So what is the idea of realism that, this side of insanity, we all share? Putnam calls it ‘internal realism’, and this, he says, while it is true and sensible, is entirely trivial. It yields such truths as that before there were human beings there were trees and rocks; that the English phrase ‘the sun’ refers to a certain star; that our theory that we live on a planet in the galactic system is true because we live on such a planet. Such formulae can express our scientific and other knowledge, but they give no general philosophical understanding of how our thoughts and words latch on to the world. As expressions of the idea that the world is independent of our thought, they exclude nothing except what the ordinary non-philosophical understanding would regard as mad – for instance, that there was no planet or sun until there were human beings to describe them.
‘Internal realism’ does not say much. All the same, there are, according to Putnam, some philosophical advantages in insisting on it. One is that it resists a certain kind of relativism, the theory that we cannot properly say ‘the sun is a star,’ but only ‘according to our way of looking at things, the sun is a star.’ Putnam conclusively disposes of this line, pressing the objection that if this is all we could say, we could not identify what it is that, according to our way of looking at things, we take to be true. He also shows, equally conclusively, that formulations in this relativistic style that have been popularised by Richard Rorty, in particular, simply tear themselves apart. If, as Rorty is fond of putting it, the correct description of the world (for us) is a matter of what we find it convenient to say, and if, as Rorty admits, we find it convenient to say that science discovers a world that is already there, there is simply no perspective from which Rorty can say, as he also does, that science does not really discover a world that is already there, but (more or less) invents it. These are excellent points: but when we look more closely at Putnam’s contrast between ‘metaphysical’ and ‘internal’ realism, we may begin to wonder how deeply he has assimilated them himself.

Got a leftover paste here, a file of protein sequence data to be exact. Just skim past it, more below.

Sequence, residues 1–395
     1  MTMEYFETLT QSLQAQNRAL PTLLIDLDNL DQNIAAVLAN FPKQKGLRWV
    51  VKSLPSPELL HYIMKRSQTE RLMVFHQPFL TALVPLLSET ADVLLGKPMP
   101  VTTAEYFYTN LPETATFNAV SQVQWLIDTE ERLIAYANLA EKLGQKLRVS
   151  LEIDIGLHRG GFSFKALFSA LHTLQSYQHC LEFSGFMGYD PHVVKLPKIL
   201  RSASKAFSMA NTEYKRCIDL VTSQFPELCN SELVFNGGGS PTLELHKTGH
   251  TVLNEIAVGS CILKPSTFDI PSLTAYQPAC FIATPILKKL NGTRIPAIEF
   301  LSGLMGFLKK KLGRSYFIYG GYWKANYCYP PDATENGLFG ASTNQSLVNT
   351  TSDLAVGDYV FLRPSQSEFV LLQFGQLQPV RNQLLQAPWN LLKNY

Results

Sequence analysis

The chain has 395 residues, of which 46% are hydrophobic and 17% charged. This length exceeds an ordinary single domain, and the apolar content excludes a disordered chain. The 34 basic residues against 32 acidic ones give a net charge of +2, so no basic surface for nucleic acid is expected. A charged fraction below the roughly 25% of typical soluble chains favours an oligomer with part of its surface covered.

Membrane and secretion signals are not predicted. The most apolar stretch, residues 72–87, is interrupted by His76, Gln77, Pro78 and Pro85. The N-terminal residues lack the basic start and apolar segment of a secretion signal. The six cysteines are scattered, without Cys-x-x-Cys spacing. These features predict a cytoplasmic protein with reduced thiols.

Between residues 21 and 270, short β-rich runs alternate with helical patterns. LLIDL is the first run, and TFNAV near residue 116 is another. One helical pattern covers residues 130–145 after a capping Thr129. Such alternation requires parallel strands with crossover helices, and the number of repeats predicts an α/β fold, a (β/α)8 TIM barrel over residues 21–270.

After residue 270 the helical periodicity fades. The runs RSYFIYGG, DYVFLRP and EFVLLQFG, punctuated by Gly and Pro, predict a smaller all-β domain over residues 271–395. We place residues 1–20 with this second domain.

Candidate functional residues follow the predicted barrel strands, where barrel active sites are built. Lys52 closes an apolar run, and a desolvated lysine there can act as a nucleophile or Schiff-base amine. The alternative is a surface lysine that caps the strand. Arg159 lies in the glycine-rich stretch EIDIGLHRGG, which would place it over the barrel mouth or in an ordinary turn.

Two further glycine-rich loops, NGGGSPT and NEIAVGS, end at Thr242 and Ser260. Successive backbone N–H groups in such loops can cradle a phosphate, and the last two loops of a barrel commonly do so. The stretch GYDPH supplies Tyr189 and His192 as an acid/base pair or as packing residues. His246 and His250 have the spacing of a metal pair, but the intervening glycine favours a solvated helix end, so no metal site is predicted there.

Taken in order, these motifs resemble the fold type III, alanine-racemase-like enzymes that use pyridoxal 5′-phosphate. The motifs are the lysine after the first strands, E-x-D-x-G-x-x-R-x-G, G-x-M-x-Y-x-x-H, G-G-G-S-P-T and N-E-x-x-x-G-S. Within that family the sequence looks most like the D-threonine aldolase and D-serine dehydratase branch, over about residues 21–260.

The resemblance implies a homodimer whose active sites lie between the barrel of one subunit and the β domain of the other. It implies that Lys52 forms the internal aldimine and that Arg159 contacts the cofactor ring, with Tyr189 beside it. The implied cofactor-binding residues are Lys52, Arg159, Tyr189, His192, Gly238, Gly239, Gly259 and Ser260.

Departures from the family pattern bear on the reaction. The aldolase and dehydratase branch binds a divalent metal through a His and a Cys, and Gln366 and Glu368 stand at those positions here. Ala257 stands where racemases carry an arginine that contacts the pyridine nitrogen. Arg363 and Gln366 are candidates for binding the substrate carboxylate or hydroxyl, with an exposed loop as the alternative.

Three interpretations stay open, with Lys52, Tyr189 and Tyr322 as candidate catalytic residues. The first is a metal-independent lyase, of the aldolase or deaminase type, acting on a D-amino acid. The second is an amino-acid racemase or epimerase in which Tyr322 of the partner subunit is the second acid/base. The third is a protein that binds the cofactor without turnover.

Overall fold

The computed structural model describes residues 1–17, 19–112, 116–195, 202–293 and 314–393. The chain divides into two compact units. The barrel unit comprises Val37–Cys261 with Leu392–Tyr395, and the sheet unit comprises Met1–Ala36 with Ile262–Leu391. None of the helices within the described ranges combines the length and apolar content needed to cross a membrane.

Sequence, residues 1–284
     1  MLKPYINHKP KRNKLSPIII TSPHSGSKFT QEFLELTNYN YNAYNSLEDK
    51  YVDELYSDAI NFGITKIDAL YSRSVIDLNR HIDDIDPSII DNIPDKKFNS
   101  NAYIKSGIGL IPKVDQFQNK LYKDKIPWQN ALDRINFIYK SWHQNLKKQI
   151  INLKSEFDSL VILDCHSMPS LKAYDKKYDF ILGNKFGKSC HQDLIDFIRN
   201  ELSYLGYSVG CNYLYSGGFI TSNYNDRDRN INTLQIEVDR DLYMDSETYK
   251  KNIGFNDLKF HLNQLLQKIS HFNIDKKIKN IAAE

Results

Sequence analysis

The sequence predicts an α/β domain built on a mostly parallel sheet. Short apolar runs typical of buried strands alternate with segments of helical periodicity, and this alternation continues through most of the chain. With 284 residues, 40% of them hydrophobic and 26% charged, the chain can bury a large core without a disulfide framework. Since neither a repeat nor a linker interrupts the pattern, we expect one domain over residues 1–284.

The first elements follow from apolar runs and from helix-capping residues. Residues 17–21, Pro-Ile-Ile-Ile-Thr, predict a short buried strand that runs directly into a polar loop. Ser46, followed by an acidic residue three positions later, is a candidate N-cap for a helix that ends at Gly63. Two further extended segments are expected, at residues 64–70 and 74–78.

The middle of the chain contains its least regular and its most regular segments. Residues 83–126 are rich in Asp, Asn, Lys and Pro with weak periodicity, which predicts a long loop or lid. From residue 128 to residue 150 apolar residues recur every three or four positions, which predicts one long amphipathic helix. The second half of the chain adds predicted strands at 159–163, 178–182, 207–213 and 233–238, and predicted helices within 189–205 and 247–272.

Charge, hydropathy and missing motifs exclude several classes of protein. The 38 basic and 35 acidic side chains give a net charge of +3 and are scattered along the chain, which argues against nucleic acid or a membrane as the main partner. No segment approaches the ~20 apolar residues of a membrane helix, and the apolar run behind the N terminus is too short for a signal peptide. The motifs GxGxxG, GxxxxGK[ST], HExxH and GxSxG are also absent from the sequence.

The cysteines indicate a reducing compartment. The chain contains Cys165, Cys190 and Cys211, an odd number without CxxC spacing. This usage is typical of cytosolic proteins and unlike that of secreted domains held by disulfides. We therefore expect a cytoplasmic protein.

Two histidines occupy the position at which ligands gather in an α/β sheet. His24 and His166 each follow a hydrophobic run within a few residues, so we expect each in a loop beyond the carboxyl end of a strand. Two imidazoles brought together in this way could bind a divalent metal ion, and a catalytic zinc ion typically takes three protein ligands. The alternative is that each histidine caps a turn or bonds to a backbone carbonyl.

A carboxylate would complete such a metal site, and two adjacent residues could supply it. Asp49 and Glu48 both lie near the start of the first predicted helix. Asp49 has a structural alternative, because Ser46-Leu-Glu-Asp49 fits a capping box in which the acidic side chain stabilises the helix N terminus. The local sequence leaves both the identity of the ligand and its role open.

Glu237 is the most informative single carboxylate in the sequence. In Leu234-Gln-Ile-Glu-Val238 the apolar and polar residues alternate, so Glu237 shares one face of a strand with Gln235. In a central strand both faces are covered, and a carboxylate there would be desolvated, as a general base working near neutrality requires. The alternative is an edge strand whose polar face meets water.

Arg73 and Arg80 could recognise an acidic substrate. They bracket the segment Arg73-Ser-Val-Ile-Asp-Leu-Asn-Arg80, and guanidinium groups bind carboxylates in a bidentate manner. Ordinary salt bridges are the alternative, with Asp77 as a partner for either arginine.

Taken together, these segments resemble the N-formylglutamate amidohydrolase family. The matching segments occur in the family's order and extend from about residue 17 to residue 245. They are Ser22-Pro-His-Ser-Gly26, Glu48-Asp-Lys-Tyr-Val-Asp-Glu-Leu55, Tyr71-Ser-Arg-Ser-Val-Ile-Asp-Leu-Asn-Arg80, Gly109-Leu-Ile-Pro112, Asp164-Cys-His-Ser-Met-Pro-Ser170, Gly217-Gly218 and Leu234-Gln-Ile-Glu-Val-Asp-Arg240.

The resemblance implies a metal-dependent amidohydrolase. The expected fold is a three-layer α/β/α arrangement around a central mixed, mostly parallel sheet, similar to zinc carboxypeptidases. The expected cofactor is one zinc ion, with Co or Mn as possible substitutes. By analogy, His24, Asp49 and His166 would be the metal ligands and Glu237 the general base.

What exactly, first of all, have we rejected in rejecting metaphysical realism? Internal realism, after all, is not confined to banal remarks about banal objects. It can license banal remarks about less banal objects: if we believe that matter consists of certain types of particle, for instance, then we can say that what makes this true is that matter does consist of such particles, and that such particles are among the things that were there anyway, before our investigations. Metaphysical realism seems now to have added to all these acceptable banalities only a picture: a less acceptable picture, presumably, but also a very elusive one.
The issues become sharper, if we bring into the discussion a further idea: that some of our descriptions of the world are more local, or perspectival, or anthropocentric, than others. On the face of it, there should be something in this idea. I can say of the moon that it is a body of a certain shape with irregularities on its surface some of which, when illuminated by the sun, reflect more light than others. I can say that when so illuminated, it looks like a man’ s face. I can say that it looks like your Uncle Henry, indeed (icing this stale bun) that it looks amusingly, or strangely, or evocatively like him. These are all human descriptions of the same thing, but the understandings they call upon are increasingly parochial. On a larger scale, when Pascal said of the spaces of the universe that they were immense, that they were silent, and that they were terrifying, he spoke from an increasingly local perspective.